Brand-MINI is facing its biggest adventure yet. This one however, may not end well…
It has been a fairly interesting week for BMW’s Oxfordshire outpost. MINI has been one of many UK-based carmakers predicting doom-laden scenarios should the British government’s hapless negotiating team fail to obtain a workable deal to exit the European Union early next year.
As part of its ongoing (and increasingly necessary) catastrophe-planning, BMW’s Cowley plant is set to shut down for a month in the immediate aftermath of the UK’s departure in order for annual maintenance (which would normally happen later in the year) to be carried out, lessening they hope, the supply-chain chaos that will likely ensue.
But as politicians on both sides of an increasingly polarised and intractable ‘Brexit’ argument foam incontinently at one another, another perhaps more momentous shift appears to be occurring. The great contraction is finally under way.
In a recent Autocar report, Hilton Holloway paints a decidedly gloomy picture for Brand-MINI, as its BMW masters grapple with a rapidly shifting landscape. According to his report, Petuelring management have postponed all upcoming model actions, with even the prospect of next year’s MINI facelift facing the axe.
A comprehensive review of the MINI business is to take place, with the next-generation range not only facing drastic rationalisation, but the likelihood of it forming part of a joint venture.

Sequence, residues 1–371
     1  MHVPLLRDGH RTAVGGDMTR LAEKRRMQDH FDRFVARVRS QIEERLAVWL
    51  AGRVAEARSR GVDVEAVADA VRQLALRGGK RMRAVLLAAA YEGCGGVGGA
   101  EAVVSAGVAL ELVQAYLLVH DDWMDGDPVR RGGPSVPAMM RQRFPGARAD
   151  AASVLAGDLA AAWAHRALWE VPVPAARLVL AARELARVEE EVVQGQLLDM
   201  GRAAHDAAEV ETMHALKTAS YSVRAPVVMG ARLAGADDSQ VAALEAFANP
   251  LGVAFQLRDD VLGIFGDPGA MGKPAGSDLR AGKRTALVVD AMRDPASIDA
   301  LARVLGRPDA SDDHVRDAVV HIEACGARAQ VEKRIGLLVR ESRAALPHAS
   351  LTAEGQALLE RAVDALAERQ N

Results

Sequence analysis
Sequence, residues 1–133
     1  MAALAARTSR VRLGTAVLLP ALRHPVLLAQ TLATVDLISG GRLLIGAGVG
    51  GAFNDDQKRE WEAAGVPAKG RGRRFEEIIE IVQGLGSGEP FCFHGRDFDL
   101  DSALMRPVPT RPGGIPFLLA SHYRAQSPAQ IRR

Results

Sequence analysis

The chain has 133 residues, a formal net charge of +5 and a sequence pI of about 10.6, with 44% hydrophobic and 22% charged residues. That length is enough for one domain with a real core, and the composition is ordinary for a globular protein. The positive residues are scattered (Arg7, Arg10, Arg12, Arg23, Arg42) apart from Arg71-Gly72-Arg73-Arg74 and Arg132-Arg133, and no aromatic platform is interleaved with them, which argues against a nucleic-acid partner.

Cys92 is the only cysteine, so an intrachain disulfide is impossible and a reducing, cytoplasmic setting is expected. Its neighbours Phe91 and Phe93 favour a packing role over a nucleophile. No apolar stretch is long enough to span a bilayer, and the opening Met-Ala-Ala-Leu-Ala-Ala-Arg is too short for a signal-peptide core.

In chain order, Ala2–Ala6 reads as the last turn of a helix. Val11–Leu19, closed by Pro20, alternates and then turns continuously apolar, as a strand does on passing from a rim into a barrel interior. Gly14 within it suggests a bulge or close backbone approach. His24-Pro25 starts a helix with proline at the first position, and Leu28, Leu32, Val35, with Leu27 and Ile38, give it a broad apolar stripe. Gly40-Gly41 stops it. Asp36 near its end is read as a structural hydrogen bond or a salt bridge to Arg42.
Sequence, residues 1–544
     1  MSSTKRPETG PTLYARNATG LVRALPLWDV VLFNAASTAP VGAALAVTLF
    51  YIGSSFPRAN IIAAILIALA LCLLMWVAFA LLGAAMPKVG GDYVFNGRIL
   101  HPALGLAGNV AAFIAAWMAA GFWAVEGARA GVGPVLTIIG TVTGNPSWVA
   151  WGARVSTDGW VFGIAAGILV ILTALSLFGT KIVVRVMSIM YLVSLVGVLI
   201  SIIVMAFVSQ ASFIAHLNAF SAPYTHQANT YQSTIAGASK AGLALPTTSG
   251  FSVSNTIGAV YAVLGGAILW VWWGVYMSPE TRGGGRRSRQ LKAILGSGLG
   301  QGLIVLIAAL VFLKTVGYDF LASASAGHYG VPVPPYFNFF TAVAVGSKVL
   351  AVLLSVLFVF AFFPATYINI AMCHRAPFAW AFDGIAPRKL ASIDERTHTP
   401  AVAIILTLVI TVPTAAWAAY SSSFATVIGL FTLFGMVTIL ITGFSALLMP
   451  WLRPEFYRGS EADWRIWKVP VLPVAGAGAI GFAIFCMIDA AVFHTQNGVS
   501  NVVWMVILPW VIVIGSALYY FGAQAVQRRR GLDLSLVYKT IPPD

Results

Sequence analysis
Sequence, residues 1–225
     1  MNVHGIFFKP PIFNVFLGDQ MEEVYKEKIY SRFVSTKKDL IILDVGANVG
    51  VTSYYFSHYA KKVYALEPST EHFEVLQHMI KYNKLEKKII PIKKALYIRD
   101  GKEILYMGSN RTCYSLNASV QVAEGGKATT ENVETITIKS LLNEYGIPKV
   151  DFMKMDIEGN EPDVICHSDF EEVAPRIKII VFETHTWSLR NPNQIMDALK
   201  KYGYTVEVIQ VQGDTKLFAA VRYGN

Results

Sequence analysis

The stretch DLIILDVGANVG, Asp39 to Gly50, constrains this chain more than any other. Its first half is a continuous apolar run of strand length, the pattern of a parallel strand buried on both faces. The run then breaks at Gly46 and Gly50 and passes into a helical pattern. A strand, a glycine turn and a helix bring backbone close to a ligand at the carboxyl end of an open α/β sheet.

There are two key issues facing MINI. First is that with volumes of around 372,000 vehicles last year, they lack scale. The second is that while the current UKL platform which underpins both the MINI range and several BMW-branded models is numerically viable, it simply isn’t sufficiently flexible for upcoming needs.
Holloway points out that BMW is to shift entirely to new scalable, multiple-propulsion platforms, which will allow for combustion, hybrid or full electric powertrains. These platforms will not only be too large, but also too expensive to be viable at the sort of price points MINI sits within. Speculation is growing that BMW are in talks with China’s Great Wall for a joint venture platform.
The news gets worse. With Global demand for the core two-door MINI falling, there is an increasing likelihood that the next generation car will eschew its founding format entirely, with both two-door and convertible being dropped.
This raises a fundamental question. Ever since the model was very successfully reinvented in 2000 as a BMW-funded, ‘sport-premium’ product, arguments have raged over its authenticity and identity, given the ideological departure from the resolutely austere and diminutive original. Successive models have only compounded the sense that the ‘Issigonis spirit’ has been supressed.
Yet regardless of where one sat in the authenticity debate, at least the presence of a model which paid visual lip service to the ur-model lent some residual credibility. Because surely if future MINIs come exclusively as four-door offerings, the whole edifice crumbles?
Perhaps this matters more to a small subset of enthusiasts than it does to the broader market, but rather than jettisoning what is the very glue that holds brand-MINI together, surely a more sensible move would be to reposition the two-door as a halo model, which could then be sold at a premium. After all, one abandons one’s icons at one’s peril.
These decisions, should they come to pass, raise fundamental questions about the future viability of the MINI business. BMW is not a massive player in Global terms and to be blunt, MINI has not been much of a cash-generator for the Vierzylinder. If anything, it’s likely to be even less so as the wider industry shifts into a new paradigm – one where BMW’s relatively modest size makes them somewhat vulnerable.
Existential threats tend to focus minds. If Brexit doesn’t do for MINI, it’s parent’s survival just might. The MINI adventure (at least as we currently recognise it) just might be coming to an end.